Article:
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As of Wednesday evening, 403 Hidalgo County residents were confirmed to have COVID-19, with many more projected.

Over 7,758 Hidalgo County workers filed unemployment claims during the week ending on March 28 and over 7,770 claims were filed during the week ending April 4. In one day, hundreds of families called the Hidalgo County Community Service Agency for housing assistance. 

With the growing need and demand for food, the Texas Army National Guard has stepped in to help alleviate some of the pressure faced by the Food Bank in Pharr. The distribution count on Tuesday, April 22, was about 2,005 individuals served, and 28,398 pounds of food distributed.

Goldman Sachs revised its forecast because it thinks the U.S. labor market collapse will be even worse than anticipated. It now sees the unemployment rate rising to 15 percent by the middle of the year. Some are predicting that unemployment rates will likely reach numbers similar to the Great Depression. If these projections are even close to correct, many more Hidalgo County residents will be waiting in line at the food bank, calling the county and cities for housing assistance and health care. 

Hidalgo County and our cities have responded well. We commend Judge Richard Cortez, county commissioners, and mayors throughout the county for their strong leadership in dealing with the COVID-19 pandemic, but there is so much more that can and should be done. Hidalgo County has recently received $151 million from the CARES Act to be used for Covid-19 related expenses including “second-ordered effects of the emergency, such as by providing economic support to those suffering from employment or business interruptions due to the COVID-19-related business closures”. Valley interfaith puts forth a three-step approach to help families during these difficult times.

First, Valley Interfaith is urging our county and city officials to implement a much-needed Renters Assistance Program. Valley Interfaith is proposing that a $25 million Renters Assistance Fund be set aside from the CARES Act money for families who have been affected by this pandemic. We believe a Renters Assistance Program falls within the parameters of the use of  Cares Act funds. This amount would help families who have lost their jobs and are unemployed for the next three months while our businesses re-open and people can get back to work. 

In just over a two-week period, over 15,000 Hidalgo County residents applied for unemployment insurance. Thousands of other taxpaying residents from Hidalgo County are ineligible for unemployment insurance or any other CARES Act benefit. Valley Interfaith proposal will help families pay for rent during these difficult times. Valley Interfaith leaders are hearing a common theme, “I could pay May’s rent, but I won’t have the money to put food on the table for my children.”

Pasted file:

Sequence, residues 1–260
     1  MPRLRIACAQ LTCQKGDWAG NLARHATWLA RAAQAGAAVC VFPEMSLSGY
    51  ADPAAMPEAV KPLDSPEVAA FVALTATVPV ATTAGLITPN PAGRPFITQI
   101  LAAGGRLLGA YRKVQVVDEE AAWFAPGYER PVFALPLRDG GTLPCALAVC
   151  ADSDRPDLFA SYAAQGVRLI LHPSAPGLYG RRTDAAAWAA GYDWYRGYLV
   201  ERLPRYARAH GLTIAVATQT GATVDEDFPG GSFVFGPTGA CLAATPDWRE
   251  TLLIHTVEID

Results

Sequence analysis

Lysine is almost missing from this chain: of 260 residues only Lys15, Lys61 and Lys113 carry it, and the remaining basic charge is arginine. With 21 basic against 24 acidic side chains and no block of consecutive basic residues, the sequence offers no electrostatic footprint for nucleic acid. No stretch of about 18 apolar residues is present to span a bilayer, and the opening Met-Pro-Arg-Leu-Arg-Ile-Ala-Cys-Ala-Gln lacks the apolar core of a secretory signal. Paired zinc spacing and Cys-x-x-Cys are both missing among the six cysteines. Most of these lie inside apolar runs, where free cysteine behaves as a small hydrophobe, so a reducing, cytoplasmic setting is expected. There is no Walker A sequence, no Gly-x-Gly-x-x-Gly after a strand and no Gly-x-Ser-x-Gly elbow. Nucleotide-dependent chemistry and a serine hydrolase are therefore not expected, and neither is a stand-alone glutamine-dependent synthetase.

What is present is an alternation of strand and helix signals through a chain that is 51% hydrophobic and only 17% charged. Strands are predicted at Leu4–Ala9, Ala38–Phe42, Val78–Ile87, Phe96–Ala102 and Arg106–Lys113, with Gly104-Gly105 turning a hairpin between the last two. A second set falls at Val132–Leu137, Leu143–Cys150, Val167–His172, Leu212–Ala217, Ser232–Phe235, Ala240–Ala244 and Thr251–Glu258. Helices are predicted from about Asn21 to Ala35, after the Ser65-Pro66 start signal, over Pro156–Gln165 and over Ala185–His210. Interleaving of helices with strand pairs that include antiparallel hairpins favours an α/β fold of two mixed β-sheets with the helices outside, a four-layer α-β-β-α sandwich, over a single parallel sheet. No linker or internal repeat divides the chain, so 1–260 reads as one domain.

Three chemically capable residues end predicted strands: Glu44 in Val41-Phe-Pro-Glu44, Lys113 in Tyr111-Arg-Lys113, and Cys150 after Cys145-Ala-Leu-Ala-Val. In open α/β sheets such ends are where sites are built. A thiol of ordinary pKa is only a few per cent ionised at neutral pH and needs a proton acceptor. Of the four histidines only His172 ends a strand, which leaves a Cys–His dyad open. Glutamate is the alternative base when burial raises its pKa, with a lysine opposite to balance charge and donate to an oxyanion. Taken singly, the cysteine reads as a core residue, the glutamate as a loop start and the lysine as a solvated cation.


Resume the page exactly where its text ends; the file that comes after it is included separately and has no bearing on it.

Second, Valley Interfaith passed the Indigent Health Care program several years ago, creating a mechanism to pay for health care for the uninsured. Its intention was to apply eight percent of the County Tax levy, $15.3 million, for indigent health care. Currently, Hidalgo County covers residents at or below 30 percent of the federal poverty level. Hidalgo County’s current investment is approximately $6.1 million. Valley Interfaith is proposing an increase in funding to the Indigent Health Care Program by $10 million and raising indigent healthcare to 100 percent of federal poverty line. The result would provide much needed help to families seeking primary health care and those who have been affected by the Covid-19 pandemic.

Third, we must invest in all our county’s residents, not just the wealthy few. Many of our residents will become permanently unemployed, due to businesses closing. Valley interfaith proposes that displaced employees be given an opportunity to learn a new skill, thus money should be invested in the people through educational opportunities. We can invest in these workers by expanding programs like Project VIDA, which has a 20-year track record of moving people out of poverty into high-skill, high-wage jobs. Creating opportunities today through thoughtful, well-funded education and training programs will ensure that all residents of Hidalgo County can secure a better future for themselves and their families. The future depends on an educated and skilled workforce. 

The CARES Act is sending millions of dollars to address the Covid-19 pandemic. These public dollars and the priorities of these funds should be decided in a public manner and not in sessions closed to public input. The plans that Judge Cortez and the County Commissioners deliberate must be transparent and open to the public. Priorities should not be set behind closed doors, or in this case, closed video conferences. Hidalgo County leaders now is the time to work together and address the needs of our community.  “Invest In Families”.

“Let our light shine before men, that they may see your good deeds and praise your Father in Heaven.”

Editor’s Note: The above guest column was jointly penned by Valley Interfaith leaders Moses Robledo, Joe Hinojosa, Estela Sosa Garza and Eddie Anaya.

Editor’s Note: The main image accompanying the above guest column shows Valley Interfaith members and supporters at a rally in Hidalgo County in the 1980s.

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